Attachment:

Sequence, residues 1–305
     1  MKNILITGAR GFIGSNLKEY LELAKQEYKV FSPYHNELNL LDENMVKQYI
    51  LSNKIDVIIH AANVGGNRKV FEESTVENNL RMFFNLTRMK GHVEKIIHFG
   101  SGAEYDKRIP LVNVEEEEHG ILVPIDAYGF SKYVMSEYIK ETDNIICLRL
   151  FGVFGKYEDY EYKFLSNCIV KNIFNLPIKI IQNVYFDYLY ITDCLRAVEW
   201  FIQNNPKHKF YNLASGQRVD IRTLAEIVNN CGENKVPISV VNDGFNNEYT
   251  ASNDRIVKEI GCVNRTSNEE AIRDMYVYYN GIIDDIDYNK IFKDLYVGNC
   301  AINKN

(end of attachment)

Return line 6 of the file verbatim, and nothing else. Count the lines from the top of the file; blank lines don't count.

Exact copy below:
   201  FIQNNPKHKF YNLASGQRVD IRTLAEIVNN CGENKVPISV VNDGFNNEYT